Getting involved in STEM education doesn’t have to be hard!
As STEM (or science, technology, engineering, and mathematics) education receives amplified attention across school districts, it’s important to understand the beauty behind STEM’s accessibility. STEM lessons or an expansive STEM project aren’t limited to older students.
In fact, there are numerous STEM activities and projects geared toward younger learners. Interested in learning more? Check out Thimble’s quick guide to easy STEM activities for fifth graders!
Science & Technology Projects
Purposeful science comes from intentional projects. Try some (or all) of these exciting activities that require simple materials and will challenge students’ critical thinking skills.
1. Invisible ink
Who doesn’t like writing secret messages? In this experiment, baking soda is used to make a non-toxic invisible ink. When mixed with equal parts water, this solution can be used for writing (take a toothpick, Q-tip, or thin paintbrush, dip into the mixture, and spread on paper). In order to see the secret message, hold the paper up to a heat source, like a common light bulb. The writing will turn brown, showing the secret text to whoever’s reading!
2. Micro water purification
Chances are, you drink purified water. However, have you ever taken the time to consider how the purification process works? That’s what this project is about. In it, you and your future engineer(s) cut a small hole into the bottom of a plastic cup. Next, line the inside of the cup with coffee filters (3-4), followed by a layer of clean sand and then gravel.
Afterward, stick the plastic cup into the top of a glass jar. Use an additional jar to pour dirty water into the plastic cup (…maybe from a nearby pond, stream, or retention area?). Take a look at the end result – the difference is sure to surprise you!
3. Who needs a kitchen oven?
This project allows you to temporarily put a pause on cooking in the kitchen oven….because you create a solar-powered oven that makes s’mores!
For this makeshift oven, you need personal pizza boxes (or a larger one), black construction paper, aluminum foil, glue, plastic wrap, scissors, a pencil, and markers (if you want to decorate your oven). Cut an opening on the flap of the box…this will serve as the “oven door.” Black construction paper is glued to the bottom of the box in order to absorb heat, and aluminum foil attaches to the inside of the door in order to reflect the sun. The plastic wrap is taped over the door opening so that the “oven” will actually heat up.
After that, it’s baking time! Prop the door open with a pencil so that sunlight can enter, and then place outside with your s’mores ingredients ready to rock. The best part? You can watch the process as the oven makes use of solar energy in order to bake the s’mores.
4. The floating stick figure
Maybe you and your young scientist have relegated yourselves to stick figures when it comes to a potential art career. No worries – with this project, you can take that stick figure and make magic happen!
Dry erase markers use low-adhesive ink (makes sense…after all, it’s typically wiped away shortly after use). Turns out, though, that dry erase ink is also insoluble; meaning, it can’t be dissolved in liquid (and is also less dense than water).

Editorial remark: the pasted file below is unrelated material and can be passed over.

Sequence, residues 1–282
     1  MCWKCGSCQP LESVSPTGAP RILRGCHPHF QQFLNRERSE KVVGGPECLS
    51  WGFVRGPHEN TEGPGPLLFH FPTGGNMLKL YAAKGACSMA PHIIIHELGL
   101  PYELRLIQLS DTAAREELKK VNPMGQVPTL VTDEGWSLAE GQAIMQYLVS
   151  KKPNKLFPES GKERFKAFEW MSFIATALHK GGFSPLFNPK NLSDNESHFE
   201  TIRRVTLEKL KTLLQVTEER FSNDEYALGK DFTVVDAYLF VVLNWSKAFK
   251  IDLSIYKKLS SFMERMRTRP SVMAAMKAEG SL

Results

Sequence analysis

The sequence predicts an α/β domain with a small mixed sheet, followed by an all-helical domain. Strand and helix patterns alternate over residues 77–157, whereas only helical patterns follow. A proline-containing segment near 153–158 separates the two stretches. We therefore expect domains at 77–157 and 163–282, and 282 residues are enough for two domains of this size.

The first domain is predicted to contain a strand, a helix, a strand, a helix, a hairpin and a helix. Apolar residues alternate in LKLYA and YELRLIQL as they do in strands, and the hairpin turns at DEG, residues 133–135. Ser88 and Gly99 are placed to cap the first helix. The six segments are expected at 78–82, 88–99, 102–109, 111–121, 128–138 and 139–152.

So, draw a stick figure on a smooth surface, pour water over it, and voila! The overpowering buoyancy will pull the stick figure off its surface, allowing you and your student to control the magic.
5. Ye olde soda explosion
No science project has stood the test of time better than the diet soda and Mentos catastrophe. Warning: You don’t want to do this indoors.
The science behind this giant geyser of soda is a classic reaction. Mentos catalyze the release of gas that comes from diet soda, causing things to go “boom.” Interesting, too, is that this is a physical reaction as opposed to a chemical one. Since it became widely popularized in 2005 thanks to YouTube, the experiment has been done at varying levels of altitude, with results showing that higher elevations produce stronger reactions.
Still, no matter your location, you can complete this experiment and achieve the desired effect. Simply take a 2-liter of diet soda (fun fact: diet soda is used because it contains artificial sugar as opposed to regular soda…this makes for an easier, non-sticky cleanup). Next, drop the Mentos. How many is up to you, though more promises a larger reaction. Also note that the trickiest part of this seemingly simple experiment is that you need to find a way to drop the Mentos as close to the same time as possible. Loosening them up from the package beforehand is advised.
There’s not much to do after this except run away, look back, and behold the glory of basic science at work.
6. Thimble’s wifi robot
Want to take your technology project to the next level? Let us help! At Thimble, we specialize in creative STEM activities and projects made for kids of all ages. Our WiFi robot project allows you and your student(s) to operate a remote control robot from a phone, tablet, or computer. This is an awesome way to explore digitalization and how various technologies communicate with each other.